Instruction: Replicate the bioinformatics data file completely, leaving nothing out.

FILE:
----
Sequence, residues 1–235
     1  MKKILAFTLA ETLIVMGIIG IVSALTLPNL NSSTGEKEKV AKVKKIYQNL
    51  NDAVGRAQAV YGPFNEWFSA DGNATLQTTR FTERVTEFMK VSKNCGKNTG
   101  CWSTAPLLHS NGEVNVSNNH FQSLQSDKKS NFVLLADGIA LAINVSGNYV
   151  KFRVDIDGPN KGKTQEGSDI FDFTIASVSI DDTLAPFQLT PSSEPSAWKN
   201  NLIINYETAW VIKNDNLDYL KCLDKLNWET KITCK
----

Sequence, residues 1–235
     1  MKKILAFTLA ETLIVMGIIG IVSALTLPNL NSSTGEKEKV AKVKKIYQNL
    51  NDAVGRAQAV YGPFNEWFSA DGNATLQTTR FTERVTEFMK VSKNCGKNTG
   101  CWSTAPLLHS NGEVNVSNNH FQSLQSDKKS NFVLLADGIA LAINVSGNYV
   151  KFRVDIDGPN KGKTQEGSDI FDFTIASVSI DDTLAPFQLT PSSEPSAWKN
   201  NLIINYETAW VIKNDNLDYL KCLDKLNWET KITCK